Spiritual Gardens

June 4, 2016

“Do not be deceived, God is not mocked; for whatever a man sows, that he will also reap. For he who sows to his flesh will of the flesh reap corruption … What counts is a new creation.” (Galatians 6: 7, 8, 15)

The Apostle Paul wrote these words to the Galatians.  The first part of this passage is often preached to unbelievers, but Paul was addressing professing believers.  As believers this is a spiritual law of our lives in Christ.  Every day we can sow spiritual seeds in the garden of our life, or we can sow seeds of our flesh in that garden.  William Barclay, a professor of Bible at Edinburgh University for forty years, wrote that when the Bible refers to our flesh it means “human nature unaided by God.” According to Paul, human nature unaided by God is a seed that produces corruption.

We have the option to sow spiritual seeds in our lives every day.  Paul writes that these spiritual seeds produce a continuous creation.  David prayed “Create in me a clean heart and renew a right spirit in me.” (Psalm 51:10) In the New Testament the apostles refer to being born again as a miracle of creation.  “Therefore, if anyone is in Christ, he is a new creation; the old has gone, the new has come! All this is from God…” (2 Corinthians 5:17, 18)

This means we have two awesome options before us every day: creation or corruption.  We can sow spiritual seeds in the garden of our lives which continue the act of creation God is miraculously performing in us, or we can sow seeds that produce corruption.

What seeds are you sowing in the garden of your life every day?

Dick Woodward, 15 February 2011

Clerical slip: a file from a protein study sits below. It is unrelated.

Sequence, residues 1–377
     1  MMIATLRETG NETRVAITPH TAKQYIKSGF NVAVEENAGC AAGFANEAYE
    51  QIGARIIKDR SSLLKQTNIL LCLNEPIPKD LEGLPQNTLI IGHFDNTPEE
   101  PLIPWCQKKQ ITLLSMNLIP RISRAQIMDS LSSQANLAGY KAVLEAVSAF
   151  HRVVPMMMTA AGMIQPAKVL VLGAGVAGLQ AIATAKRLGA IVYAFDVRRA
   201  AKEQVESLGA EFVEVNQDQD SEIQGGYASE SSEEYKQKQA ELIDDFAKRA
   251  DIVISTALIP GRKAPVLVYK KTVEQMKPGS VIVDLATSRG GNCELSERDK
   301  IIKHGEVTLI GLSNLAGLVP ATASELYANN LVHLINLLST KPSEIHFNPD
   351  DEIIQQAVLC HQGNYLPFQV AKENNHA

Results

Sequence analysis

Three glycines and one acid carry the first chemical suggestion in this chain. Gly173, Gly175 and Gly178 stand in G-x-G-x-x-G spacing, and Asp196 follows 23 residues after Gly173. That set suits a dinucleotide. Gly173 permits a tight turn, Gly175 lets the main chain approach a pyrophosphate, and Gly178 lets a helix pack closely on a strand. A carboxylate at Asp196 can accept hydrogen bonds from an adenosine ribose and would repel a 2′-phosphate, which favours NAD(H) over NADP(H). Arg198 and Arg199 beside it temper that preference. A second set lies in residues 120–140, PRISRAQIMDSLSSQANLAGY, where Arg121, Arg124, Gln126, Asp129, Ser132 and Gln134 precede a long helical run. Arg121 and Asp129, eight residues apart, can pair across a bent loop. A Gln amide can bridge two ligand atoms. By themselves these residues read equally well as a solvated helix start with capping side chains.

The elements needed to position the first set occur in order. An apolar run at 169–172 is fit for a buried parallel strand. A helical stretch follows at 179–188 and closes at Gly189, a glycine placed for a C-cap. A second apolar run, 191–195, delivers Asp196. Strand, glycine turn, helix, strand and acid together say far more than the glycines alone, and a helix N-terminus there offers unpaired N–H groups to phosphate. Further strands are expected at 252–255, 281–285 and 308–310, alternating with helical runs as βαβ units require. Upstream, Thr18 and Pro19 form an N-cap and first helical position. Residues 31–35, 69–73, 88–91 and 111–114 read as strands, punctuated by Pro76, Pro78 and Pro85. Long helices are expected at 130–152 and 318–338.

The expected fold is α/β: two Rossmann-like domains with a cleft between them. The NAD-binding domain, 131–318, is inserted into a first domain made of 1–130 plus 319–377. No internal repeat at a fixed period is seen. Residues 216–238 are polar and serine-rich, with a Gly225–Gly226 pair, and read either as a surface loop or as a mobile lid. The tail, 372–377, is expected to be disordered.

Seeds of Suffering

February 15, 2013

“Those who sow in tears shall reap in joy. He who continually goes forth weeping, bearing precious seed for sowing, shall doubtless come again with rejoicing, bringing his sheaves with him.”  (Psalm 126:5-6)

The ancient inspired hymn writer is describing a father who is sowing seeds his family desperately needs because they are hungry.  As a provider he knows that if he does not plant these seeds, there will be no food for them and they will starve to death.  He therefore sows these precious seeds with tears streaming down his face.

The Holy Spirit leads the author to a beautiful application after he paints this solemn picture for us: sometimes when we are suffering to the point of tears, those tears are precious seeds our heavenly Father is sowing in the soil of our suffering.  When that is the case, we will doubtless come again rejoicing and bringing the fruitful results of our suffering with us.

This is a truth that is often shared in the Bible.  Sometimes suffering is not the setback it appears to be.  It is rather the cutback of our heavenly Father who is like a divine Vineyard keeper.  He cuts us back to increase the quality and the quantity of the fruit our life is yielding for Him.

I sometimes think God is more real and works more effectively in the lives of people while they are in the waiting rooms outside the operating theaters of our hospitals than He does in the sanctuaries of our churches.  God does not waste our sorrows and we should not waste them either.

Listen to the wisdom of the hymn writer when he tells us our tears are precious seeds that will ultimately rejoice our hearts.